Colorado Supreme Court Hears Oral Arguments on Tuesday

Colorado Supreme Court courtroom
The Colorado Supreme Court will hear arguments in a TABOR challenge to the state's new family and medical leave program. / Law Week file.

The Colorado Supreme Court will hear oral arguments in three cases on Tuesday, including a constitutional challenge to Colorado’s family and medical leave program, a dispute over how to calculate parole eligibility and a case about whether a trial court properly defined “harm” in its jury instructions. The justices will return to hear two more criminal cases on Thursday.

Chronos Builders v. CDLE

On Tuesday morning, the Colorado Supreme Court will hear a TABOR challenge to the state’s new family leave law.

Chronos Builders, a Grand Junction-based home builder, sued the state labor department over Colorado’s family and medical leave program, which voters approved by ballot measure in November 2020. Chronos says the premiums employers will have to start paying in 2023 to fund a state-run family and medical leave insurance program violate the Taxpayer Bill of Rights.

According to Chronos, the family leave program will tax employers with fewer than 10 employees at a different rate than larger employers, with people at smaller companies paying 0.45% of their wages toward the premium while those at bigger companies pay 0.9%. Chronos argues this puts the family leave program at odds with TABOR, which requires all taxable net income to be taxed at one rate, without added tax or surcharge. The family leave program’s funding mechanism is a surcharge on income, the company says, making it unconstitutional.

The Colorado Department of Labor and Employment argues the premium is a fee, not a tax or a surcharge, and TABOR doesn’t apply. The district court agreed TABOR was inapplicable and dismissed the case with prejudice in December.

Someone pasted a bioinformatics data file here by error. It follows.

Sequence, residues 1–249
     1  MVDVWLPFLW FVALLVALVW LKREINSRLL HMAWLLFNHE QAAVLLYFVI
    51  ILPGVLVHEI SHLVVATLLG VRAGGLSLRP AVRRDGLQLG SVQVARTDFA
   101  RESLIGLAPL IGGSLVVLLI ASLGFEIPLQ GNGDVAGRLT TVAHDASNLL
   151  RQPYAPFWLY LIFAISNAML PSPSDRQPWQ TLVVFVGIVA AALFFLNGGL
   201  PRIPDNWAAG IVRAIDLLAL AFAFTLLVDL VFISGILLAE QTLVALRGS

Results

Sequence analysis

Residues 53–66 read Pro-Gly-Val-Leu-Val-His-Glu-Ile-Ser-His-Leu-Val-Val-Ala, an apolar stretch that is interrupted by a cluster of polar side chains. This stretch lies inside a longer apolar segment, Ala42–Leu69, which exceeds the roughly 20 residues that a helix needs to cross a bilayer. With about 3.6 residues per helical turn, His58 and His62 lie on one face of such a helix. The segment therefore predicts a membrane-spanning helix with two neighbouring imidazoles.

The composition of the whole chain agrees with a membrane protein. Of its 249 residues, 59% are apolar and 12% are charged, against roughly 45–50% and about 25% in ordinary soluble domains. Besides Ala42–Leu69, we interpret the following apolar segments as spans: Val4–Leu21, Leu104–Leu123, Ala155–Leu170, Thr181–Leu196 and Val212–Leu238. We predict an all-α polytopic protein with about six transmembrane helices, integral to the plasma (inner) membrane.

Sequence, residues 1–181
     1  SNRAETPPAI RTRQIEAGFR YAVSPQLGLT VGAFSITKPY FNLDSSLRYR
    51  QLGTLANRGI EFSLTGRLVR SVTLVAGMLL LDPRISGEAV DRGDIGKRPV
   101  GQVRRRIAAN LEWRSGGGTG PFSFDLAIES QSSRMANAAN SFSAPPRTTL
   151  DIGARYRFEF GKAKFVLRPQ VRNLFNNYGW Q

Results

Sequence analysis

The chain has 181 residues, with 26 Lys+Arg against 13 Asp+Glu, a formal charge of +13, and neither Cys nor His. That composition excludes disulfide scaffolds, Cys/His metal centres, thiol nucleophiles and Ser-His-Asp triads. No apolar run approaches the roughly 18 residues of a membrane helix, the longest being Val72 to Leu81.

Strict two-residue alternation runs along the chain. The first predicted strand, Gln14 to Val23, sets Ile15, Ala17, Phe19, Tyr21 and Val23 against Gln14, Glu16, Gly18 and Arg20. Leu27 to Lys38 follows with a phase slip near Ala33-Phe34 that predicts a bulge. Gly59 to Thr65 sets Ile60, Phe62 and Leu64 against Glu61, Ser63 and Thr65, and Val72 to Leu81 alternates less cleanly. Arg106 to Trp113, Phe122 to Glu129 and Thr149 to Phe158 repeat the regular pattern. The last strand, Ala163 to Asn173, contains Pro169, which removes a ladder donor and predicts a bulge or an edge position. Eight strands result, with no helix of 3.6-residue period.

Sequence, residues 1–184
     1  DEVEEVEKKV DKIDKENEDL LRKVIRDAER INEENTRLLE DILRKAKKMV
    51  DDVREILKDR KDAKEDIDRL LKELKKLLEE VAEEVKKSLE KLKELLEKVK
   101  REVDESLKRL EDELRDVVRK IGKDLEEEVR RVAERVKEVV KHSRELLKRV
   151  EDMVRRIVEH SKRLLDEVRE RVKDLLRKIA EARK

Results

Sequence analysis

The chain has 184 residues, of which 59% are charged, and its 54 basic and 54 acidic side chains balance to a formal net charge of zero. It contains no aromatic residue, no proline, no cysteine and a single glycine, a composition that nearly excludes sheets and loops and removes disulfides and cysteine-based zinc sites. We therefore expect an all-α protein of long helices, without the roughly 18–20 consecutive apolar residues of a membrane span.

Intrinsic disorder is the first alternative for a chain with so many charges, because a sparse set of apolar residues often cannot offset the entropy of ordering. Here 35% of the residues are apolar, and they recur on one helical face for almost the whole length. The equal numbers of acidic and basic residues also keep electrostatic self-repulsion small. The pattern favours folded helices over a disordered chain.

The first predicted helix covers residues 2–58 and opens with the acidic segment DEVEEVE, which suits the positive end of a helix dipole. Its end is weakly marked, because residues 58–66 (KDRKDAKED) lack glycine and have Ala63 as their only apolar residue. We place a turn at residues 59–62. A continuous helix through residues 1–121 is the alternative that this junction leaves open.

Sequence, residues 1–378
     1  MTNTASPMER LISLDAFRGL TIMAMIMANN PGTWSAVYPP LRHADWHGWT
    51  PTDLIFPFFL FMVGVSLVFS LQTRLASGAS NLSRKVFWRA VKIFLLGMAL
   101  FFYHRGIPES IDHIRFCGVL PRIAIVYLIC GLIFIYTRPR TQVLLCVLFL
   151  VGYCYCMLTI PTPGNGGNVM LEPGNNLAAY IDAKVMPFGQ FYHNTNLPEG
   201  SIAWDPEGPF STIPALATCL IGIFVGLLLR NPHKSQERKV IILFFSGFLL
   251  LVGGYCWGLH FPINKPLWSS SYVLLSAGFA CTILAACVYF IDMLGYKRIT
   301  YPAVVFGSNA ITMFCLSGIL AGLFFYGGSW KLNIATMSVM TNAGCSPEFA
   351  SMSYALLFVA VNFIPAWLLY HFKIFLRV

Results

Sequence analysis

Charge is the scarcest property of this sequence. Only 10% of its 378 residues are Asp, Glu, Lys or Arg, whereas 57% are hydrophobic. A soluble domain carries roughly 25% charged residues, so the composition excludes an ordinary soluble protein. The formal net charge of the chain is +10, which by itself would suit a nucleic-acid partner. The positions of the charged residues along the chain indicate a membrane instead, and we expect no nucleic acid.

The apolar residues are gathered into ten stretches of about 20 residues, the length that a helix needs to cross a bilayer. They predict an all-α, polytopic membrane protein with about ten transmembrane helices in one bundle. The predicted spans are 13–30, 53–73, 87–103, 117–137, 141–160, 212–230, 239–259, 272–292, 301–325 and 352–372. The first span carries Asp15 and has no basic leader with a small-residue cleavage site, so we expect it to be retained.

Chronos appealed a month later, and in February the parties filed a joint petition asking the Colorado Supreme Court to take up the case directly, citing the “imperative public importance” of the case. 

Owens v. Williams et al

Also on Tuesday morning, the high court will hear arguments about how to calculate the parole eligibility date for an inmate serving consecutive sentences.

Nathaniel Owens is serving two 10-year consecutive sentences for aggravated robbery — a crime that requires an inmate to serve 75% of his sentence before becoming eligible for parole. He is also serving an additional four-year consecutive sentence for vehicular eluding, requiring an inmate to serve 50% of the sentence before parole eligibility.

The Colorado Department of Corrections determined Owens’ parole eligibility date through a “hybrid method” that involves calculating 75% of each of his robbery sentences and 50% of his vehicular eluding sentence and adding them together.

Owens sued the CDOC, arguing that because he had not been convicted of a prior crime of violence, he should be eligible for parole at 50% of all of his sentences.